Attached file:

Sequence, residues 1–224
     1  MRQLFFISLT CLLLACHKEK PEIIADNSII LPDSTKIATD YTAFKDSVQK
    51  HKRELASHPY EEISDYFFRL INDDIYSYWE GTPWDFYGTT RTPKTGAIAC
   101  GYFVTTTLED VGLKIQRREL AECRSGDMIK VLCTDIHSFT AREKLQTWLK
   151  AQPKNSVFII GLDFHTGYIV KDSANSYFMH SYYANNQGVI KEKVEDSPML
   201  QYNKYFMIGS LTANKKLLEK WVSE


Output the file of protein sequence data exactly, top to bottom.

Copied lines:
Sequence, residues 1–224
     1  MRQLFFISLT CLLLACHKEK PEIIADNSII LPDSTKIATD YTAFKDSVQK
    51  HKRELASHPY EEISDYFFRL INDDIYSYWE GTPWDFYGTT RTPKTGAIAC
   101  GYFVTTTLED VGLKIQRREL AECRSGDMIK VLCTDIHSFT AREKLQTWLK
   151  AQPKNSVFII GLDFHTGYIV KDSANSYFMH SYYANNQGVI KEKVEDSPML
   201  QYNKYFMIGS LTANKKLLEK WVSE